Making Green Fenestration Products with Certified Wood

Competing certification programs means aggressive growth of responsible forestry
By Christina Lewellen
March 1, 2006

One has the advantage of LEED approval. The other has six times as many acres of certified land. Each is working to obtain what the other has.

But both the Forest Stewardship Council and the American Forest and Paper Association agree that competition is a good thing when it comes to forest certification programs because it means pushing aggressively toward a common goal—responsible foresting practices. “You don’t advance the movement by focusing on differences,” says Michael Washburn of FSC. “Tide doesn’t sell their detergent by beating up on Cheer.”

So how does this pertain to windows and doors? An Energy Star label is an important first step in getting windows and doors specified in “green buildings.” Manufacturers of wood windows and doors, however, may need a second label—one that states their products are made from certified wood. A certification label on wood means it comes from a forest managed in a sustainable, environmentally-responsible manner—a criteria even large retailers such as Home Depot and Ikea make known to their vendors. In the U.S., suppliers of forest products and manufacturers are now choosing between two major certification programs—the FSC program and AF&PA’s Sustainable Forest Initiative.

These leading U.S. certification programs do not protect forestland from development, rather they help ensure that the wood being harvested for the manufacture of products like windows and doors is replenished so the future supply is not extinguished. “Certification is not going to change the fact that somebody with 200 acres is going to sell that land for a condo development,” Washburn says. “That’s not what we’re trying to fight. What we’re trying to [ensure] is when wood comes into the marketplace, the marketplace is asking the right questions about what happened on the ground where that wood was cut.”

“If you make products out of wood and you’re not doing the right thing for the environment, you’re not going to have any trees left in 50 years,” adds John Mechem, spokesman for the AF&PA.

Both organizations have a system in place to label finished products as having wood that has come from forests independently certified as environmentally responsible. An audited chain of custody ensures that the source materials are monitored and labels only end up on products made from certified materials.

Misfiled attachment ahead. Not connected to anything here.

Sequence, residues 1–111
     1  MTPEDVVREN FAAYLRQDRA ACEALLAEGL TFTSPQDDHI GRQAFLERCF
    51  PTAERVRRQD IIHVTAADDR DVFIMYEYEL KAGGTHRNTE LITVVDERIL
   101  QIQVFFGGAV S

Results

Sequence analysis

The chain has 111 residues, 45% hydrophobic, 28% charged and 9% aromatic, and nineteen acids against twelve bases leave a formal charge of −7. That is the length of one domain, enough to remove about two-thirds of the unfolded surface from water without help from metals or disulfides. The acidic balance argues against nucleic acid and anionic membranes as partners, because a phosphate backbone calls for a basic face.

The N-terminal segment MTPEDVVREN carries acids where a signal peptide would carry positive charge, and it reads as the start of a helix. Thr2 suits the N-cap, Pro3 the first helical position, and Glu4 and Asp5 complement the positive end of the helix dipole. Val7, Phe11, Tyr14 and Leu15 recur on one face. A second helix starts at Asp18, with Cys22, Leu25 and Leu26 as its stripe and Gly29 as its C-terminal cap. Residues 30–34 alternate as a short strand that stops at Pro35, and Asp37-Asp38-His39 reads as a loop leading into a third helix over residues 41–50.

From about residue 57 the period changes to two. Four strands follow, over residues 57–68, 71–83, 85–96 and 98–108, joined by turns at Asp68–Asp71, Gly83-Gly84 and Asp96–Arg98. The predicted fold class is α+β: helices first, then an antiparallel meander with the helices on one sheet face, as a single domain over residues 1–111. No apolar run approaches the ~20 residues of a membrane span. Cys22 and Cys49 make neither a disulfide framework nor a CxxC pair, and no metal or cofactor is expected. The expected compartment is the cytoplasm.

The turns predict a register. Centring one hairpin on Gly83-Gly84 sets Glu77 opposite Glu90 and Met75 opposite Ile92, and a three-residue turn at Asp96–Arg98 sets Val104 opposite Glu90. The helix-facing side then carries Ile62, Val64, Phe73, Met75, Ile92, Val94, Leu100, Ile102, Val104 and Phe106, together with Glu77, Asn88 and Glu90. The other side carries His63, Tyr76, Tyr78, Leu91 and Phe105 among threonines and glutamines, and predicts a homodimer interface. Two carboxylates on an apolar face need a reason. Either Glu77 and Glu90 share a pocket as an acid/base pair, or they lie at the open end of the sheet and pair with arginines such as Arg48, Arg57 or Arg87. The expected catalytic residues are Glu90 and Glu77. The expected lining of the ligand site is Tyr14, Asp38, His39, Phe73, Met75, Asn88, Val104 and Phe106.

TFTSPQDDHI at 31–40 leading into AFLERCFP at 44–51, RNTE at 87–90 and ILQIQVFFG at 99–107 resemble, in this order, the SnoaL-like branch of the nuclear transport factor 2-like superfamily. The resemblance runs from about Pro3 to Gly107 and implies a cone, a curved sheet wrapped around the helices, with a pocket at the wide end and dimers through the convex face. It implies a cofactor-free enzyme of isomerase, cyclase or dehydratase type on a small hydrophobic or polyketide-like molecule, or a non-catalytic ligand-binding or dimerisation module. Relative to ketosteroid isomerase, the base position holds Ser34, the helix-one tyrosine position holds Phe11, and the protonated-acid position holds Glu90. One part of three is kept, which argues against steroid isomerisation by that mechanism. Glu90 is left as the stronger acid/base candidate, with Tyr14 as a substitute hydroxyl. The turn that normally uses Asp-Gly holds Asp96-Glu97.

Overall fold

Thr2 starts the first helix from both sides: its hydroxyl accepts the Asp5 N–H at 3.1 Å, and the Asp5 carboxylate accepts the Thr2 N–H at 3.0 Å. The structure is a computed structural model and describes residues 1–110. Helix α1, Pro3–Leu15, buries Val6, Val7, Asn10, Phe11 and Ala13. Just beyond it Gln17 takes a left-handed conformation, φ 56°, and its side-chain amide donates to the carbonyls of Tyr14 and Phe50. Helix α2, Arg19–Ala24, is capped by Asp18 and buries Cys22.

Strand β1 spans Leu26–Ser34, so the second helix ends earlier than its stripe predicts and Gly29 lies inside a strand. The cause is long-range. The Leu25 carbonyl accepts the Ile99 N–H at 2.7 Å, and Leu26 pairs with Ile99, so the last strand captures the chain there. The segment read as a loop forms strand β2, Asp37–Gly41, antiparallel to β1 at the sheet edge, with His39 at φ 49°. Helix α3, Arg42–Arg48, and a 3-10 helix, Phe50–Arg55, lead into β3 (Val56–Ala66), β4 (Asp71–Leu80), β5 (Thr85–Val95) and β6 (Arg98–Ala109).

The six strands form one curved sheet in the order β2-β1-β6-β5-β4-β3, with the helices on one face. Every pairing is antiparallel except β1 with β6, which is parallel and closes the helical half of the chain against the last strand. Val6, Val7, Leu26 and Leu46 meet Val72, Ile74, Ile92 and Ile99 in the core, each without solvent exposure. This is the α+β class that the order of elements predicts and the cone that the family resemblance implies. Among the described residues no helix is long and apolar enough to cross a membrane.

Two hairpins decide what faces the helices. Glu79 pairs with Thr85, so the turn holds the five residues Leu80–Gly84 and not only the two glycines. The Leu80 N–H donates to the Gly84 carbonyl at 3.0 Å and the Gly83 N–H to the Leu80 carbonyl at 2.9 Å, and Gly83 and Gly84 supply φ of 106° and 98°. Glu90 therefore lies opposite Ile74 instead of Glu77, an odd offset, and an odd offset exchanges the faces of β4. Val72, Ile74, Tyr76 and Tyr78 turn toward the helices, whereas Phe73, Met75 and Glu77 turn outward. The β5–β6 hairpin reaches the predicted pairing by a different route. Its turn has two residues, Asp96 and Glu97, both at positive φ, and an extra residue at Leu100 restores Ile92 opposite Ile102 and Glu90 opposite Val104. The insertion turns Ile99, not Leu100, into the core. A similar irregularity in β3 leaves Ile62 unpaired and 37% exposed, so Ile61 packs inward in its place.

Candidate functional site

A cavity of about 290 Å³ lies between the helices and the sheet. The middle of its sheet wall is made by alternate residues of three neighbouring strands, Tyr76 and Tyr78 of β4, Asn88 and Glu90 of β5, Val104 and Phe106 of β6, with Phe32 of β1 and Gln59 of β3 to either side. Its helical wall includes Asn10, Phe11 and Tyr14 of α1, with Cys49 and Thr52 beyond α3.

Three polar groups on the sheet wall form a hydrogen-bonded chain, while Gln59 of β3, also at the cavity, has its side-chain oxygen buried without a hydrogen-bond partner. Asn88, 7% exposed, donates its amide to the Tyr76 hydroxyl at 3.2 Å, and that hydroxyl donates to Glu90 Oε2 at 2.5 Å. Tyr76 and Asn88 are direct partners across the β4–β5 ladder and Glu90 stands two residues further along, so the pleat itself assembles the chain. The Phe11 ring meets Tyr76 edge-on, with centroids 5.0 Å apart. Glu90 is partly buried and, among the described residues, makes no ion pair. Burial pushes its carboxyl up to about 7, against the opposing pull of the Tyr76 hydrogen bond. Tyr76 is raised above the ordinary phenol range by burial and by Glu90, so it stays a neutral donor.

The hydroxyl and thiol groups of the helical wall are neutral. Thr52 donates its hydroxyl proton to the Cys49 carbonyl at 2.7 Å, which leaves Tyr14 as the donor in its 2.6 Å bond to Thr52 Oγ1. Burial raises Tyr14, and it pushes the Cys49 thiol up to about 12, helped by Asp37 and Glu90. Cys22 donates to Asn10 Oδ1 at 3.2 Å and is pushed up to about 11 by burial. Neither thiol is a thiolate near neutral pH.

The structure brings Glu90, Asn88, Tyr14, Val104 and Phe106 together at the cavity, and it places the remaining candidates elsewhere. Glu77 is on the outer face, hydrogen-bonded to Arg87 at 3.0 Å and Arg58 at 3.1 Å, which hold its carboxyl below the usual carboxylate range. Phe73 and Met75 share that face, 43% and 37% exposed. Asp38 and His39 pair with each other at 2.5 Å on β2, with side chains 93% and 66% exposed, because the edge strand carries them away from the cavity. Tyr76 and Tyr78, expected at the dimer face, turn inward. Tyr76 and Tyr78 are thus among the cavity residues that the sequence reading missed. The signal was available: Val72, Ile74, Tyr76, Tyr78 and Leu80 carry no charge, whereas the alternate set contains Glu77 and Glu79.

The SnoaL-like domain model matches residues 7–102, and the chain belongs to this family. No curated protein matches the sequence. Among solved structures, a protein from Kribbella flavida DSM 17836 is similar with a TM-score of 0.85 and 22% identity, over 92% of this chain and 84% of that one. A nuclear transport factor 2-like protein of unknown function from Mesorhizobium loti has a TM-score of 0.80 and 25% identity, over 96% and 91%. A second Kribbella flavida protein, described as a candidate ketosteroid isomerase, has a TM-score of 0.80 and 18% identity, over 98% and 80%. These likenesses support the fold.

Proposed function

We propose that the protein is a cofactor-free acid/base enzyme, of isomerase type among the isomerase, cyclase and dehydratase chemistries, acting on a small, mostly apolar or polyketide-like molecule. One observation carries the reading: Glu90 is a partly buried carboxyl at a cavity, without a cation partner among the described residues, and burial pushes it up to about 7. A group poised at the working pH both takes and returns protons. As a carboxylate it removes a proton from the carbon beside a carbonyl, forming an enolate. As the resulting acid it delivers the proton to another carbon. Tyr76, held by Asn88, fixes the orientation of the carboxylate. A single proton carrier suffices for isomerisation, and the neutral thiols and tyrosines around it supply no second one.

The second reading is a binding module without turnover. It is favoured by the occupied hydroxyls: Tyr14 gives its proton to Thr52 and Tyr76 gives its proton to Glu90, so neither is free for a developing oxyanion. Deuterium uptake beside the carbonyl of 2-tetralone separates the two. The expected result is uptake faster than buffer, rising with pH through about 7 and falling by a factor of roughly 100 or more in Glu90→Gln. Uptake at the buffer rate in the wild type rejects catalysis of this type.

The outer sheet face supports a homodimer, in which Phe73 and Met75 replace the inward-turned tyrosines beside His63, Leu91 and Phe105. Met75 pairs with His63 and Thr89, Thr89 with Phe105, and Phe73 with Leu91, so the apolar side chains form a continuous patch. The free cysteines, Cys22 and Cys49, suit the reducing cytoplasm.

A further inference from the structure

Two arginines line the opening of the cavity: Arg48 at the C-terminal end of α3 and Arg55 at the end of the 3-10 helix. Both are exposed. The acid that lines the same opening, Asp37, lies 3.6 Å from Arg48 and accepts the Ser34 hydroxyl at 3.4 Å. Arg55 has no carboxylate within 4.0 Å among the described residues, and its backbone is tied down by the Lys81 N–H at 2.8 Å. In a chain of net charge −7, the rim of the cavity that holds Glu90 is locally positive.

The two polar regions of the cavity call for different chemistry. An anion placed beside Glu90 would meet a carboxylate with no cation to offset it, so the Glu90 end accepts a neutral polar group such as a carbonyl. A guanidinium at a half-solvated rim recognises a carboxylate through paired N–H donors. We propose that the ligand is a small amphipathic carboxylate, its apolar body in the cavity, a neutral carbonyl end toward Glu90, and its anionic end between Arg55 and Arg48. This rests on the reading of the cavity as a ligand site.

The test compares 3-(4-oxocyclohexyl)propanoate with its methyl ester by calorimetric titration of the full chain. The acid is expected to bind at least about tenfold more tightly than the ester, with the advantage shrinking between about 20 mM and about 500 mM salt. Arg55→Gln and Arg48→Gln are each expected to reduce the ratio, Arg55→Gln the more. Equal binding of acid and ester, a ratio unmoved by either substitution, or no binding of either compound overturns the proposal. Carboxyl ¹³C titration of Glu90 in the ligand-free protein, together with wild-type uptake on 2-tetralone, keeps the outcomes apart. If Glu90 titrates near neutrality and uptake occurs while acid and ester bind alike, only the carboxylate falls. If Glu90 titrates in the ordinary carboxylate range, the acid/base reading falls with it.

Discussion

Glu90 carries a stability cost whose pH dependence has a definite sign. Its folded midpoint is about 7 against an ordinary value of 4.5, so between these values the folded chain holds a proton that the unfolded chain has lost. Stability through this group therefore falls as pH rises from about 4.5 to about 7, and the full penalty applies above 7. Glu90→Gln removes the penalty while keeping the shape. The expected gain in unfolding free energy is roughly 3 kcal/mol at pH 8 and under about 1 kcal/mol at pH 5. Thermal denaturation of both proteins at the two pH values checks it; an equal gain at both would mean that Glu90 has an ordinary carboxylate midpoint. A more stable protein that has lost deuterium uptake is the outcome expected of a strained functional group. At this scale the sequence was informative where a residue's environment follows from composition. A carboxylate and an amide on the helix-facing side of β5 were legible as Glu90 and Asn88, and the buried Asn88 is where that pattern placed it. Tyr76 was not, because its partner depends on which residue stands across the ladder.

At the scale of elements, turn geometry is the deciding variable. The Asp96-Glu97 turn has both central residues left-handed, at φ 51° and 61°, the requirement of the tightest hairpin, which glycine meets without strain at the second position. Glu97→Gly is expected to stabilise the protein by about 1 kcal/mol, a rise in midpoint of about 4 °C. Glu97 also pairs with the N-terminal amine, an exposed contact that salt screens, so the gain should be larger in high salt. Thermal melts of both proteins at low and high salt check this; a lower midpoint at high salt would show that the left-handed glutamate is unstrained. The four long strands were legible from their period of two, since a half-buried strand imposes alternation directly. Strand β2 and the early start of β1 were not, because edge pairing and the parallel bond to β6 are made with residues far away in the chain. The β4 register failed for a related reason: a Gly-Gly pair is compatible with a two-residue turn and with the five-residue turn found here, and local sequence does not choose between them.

Though the two groups have a common goal and similar method of obtaining it, suppliers and manufacturers are left to decide which program best fits their needs. Right now, the decision boils down to one simple question of priorities: Is it more important to supply products to the U.S. Green Building Council’s Leadership in Energy and Environmental Design program, or to have a more readily supply of source material?

Currently, the FSC program is the only certified wood system accepted by LEED for New Construction credit. Likewise, the LEED for Homes program—currently in its pilot phase—also prompts designers to turn to FSC labeled products for wood credits. USGBC continues to evaluate whether it should extend credit to other certification programs but Washburn, FSC’s vice president for brand management, expects that the credits will continue to go to FSC-labeled products only. “If LEED wants to transform the market, it has to maintain recognition for the highest available standards. It is incentive to move everybody else up. If you recognize the middle, you forfeit your leverage.”

Washburn notes that with something to the order of 3,000 LEED New Construction projects in play, more than 25 percent have achieved or are working to achieve wood credit. To get the credit, at least 50 percent of the building must tout FSC-certified wood, and with LEED for Homes coming down the pike Washburn expects an even higher demand for FSC products. “The LEED-H standard will be the biggest driver for FSC in the world because 30 percent of the wood used in the U.S. goes into residential construction. We’ve seen a doubling of companies involved with FSC, from 200 to nearly 400, just in the U.S. [because of the LEED-NC program]. If the commercial standard did that and only seven percent of commercial buildings use wood, think of what 30 percent on the residential side will do.”

The program’s foundation is a detailed “chain of custody” system that tracks wood from the forest in which it originates to the end product. Companies affiliated with the FSC program are audited yearly to make sure their inventory systems meet the requirements of the program.

There is a range of ways to label a finished product, Washburn points out. A 100 percent product includes only source material that came from a certified forest; a mixed label is available for products that contain as little as 10 percent certified material; and a mixed/recycled label works for composite and recycled materials that originated from certified sources. All of the labels qualify for LEED credit, he notes. “It’s not about what label is on there. It’s about whether people in the transaction can talk about the importance of why it’s on there.”

The FSC label does not pertain so much to the manufacturer itself, as much as the source of the material used to build the product. As long as the manufacturer can track the inventory of FSC-certified wood the company can label products made from that wood as “certified”.